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HealthInfo Canterbury

Apraxia of speech

What is apraxia of speech?

Apraxia of speech (also known as dyspraxia) is a motor speech disorder. You know what you want to say, but the brain has trouble telling the speech muscles how to move. The muscles are not weak.

What happens when I speak?

You may have difficulty starting a word – your muscles may search for the right place before you can say a word correctly. Your speech may sound distorted and slow. Each time you say a word it may sound different – this can be frustrating. Long words and sentences may be harder. Everyday sayings may be easier than answering questions or describing something.

What causes apraxia of speech?

Apraxia of speech is caused by damage to the areas of the brain that coordinate the muscles involved in speech. This includes the muscles of the lungs, voice box, lips, and tongue.

You may have had a stroke (the most common cause) or a head injury (for example, in a car accident).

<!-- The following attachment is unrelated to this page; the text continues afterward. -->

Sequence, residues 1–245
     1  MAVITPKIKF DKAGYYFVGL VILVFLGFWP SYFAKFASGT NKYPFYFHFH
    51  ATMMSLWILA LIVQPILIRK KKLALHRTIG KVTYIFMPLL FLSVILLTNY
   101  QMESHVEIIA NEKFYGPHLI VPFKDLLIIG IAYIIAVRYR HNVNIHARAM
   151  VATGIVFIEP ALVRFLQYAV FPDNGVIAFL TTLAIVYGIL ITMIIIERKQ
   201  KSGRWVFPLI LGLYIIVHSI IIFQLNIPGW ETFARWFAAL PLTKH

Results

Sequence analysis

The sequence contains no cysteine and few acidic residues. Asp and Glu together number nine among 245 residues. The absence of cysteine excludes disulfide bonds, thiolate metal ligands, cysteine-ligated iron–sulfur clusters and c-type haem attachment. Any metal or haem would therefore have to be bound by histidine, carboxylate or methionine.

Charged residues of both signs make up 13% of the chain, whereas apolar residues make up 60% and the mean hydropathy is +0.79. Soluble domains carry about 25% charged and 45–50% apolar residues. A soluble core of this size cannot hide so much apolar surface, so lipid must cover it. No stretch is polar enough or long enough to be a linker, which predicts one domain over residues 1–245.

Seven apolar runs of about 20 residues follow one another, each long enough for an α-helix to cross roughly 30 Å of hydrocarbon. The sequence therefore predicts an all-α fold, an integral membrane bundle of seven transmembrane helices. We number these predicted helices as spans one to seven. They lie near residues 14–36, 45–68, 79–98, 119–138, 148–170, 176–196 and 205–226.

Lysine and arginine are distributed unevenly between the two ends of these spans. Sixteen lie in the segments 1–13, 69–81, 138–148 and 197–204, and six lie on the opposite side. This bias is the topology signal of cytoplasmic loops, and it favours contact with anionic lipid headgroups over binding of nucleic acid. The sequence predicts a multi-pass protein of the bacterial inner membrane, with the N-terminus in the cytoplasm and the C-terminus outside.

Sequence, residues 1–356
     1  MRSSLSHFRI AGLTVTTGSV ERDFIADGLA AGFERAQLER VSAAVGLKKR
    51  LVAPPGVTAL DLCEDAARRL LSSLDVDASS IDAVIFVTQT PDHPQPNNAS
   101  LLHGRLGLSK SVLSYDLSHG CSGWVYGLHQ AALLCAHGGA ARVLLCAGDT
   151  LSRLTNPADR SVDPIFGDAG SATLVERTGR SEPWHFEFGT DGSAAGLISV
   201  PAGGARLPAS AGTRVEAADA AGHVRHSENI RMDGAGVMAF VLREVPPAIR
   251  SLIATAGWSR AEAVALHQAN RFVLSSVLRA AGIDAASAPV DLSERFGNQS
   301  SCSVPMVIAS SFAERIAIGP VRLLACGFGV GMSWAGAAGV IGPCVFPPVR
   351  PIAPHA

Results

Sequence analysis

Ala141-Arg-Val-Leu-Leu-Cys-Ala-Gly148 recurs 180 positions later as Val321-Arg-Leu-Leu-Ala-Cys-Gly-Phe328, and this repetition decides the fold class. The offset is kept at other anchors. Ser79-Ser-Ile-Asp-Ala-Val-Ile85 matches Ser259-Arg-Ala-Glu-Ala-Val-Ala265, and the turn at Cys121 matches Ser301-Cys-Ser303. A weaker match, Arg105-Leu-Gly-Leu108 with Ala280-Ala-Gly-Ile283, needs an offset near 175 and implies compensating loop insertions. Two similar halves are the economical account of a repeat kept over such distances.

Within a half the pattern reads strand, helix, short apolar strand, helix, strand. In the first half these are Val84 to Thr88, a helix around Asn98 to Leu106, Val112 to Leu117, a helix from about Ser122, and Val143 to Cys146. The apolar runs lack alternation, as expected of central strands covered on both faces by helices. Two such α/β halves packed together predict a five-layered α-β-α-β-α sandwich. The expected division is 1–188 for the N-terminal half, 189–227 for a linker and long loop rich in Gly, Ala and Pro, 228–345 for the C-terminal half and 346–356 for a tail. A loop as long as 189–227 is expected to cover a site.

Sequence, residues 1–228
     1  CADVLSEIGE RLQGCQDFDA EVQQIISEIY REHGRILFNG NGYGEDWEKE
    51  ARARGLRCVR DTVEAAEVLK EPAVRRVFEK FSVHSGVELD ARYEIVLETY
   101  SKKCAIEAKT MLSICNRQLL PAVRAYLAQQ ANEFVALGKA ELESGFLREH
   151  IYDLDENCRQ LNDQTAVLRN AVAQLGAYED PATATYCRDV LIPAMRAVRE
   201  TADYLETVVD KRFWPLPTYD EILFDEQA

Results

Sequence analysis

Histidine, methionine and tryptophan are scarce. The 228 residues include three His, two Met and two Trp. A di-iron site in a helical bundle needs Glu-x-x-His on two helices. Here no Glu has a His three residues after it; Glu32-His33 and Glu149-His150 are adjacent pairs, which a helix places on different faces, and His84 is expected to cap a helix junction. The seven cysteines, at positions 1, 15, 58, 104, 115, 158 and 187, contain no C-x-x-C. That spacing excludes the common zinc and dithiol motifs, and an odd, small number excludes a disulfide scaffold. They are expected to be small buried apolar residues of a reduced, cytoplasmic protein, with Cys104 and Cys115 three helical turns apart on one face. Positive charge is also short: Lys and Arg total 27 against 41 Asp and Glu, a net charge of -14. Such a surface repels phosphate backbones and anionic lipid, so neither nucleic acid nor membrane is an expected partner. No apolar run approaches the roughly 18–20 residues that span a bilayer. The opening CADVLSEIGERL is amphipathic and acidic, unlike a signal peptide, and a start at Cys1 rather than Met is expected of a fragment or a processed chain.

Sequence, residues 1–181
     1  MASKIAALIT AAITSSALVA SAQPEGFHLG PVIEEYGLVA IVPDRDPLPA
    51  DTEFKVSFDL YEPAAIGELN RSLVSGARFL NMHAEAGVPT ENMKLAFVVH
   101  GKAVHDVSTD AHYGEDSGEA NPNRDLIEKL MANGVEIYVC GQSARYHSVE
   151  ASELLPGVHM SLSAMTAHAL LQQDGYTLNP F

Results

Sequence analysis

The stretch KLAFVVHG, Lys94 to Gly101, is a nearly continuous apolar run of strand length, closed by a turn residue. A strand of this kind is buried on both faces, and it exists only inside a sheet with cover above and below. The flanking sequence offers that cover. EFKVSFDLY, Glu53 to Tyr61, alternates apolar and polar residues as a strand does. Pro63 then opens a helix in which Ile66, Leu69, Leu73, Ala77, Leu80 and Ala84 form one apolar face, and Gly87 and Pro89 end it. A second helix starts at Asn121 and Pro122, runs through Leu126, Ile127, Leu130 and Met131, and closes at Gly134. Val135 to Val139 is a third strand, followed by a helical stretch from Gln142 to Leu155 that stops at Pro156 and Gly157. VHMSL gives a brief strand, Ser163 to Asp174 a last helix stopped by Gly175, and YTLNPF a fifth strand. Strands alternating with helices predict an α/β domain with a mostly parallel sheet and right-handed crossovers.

Are there different types?

Yes, apraxia of speech is variable.

Will I get better?

A lot can change over the first few days, weeks, and months. Some people recover very quickly. For others, it is a long, slow process.

You may never communicate as well as you did before. But some people still see signs of progress years later.

Who can help?

A speech language therapist will work with you and your whānau or family to help improve your speech and develop new ways to communicate effectively.

What is communication?

Communication is interacting with another person, having a conversation, sharing your thoughts, wants, needs, opinions, and ideas.

Communication is not just talking. It also involves:

Communication allows us to make and keep relationships. It also allows us to carry out life activities.

Communication is a partnership. You and your conversation partner will need to work together.

What can I do to help?

Try to relax and take your time. Keep your answers short and simple. And if you get stuck on a word, try

What can my communication partner(s) do?

You might also find useful information in our page about Dysarthria.

  HealthInfo recommends the following pages

Written by speech-language therapists, Canterbury DHB. Adapted by HealthInfo clinical advisers. Last reviewed December 2016.

Sources

See also:

Communicating with someone who finds it difficult

Communicating with someone who can't talk

Images from FreeDigitalPhotos.net, by Master Isolated and Stuart Miles

Page reference: 78424

Review key: HISCD-79694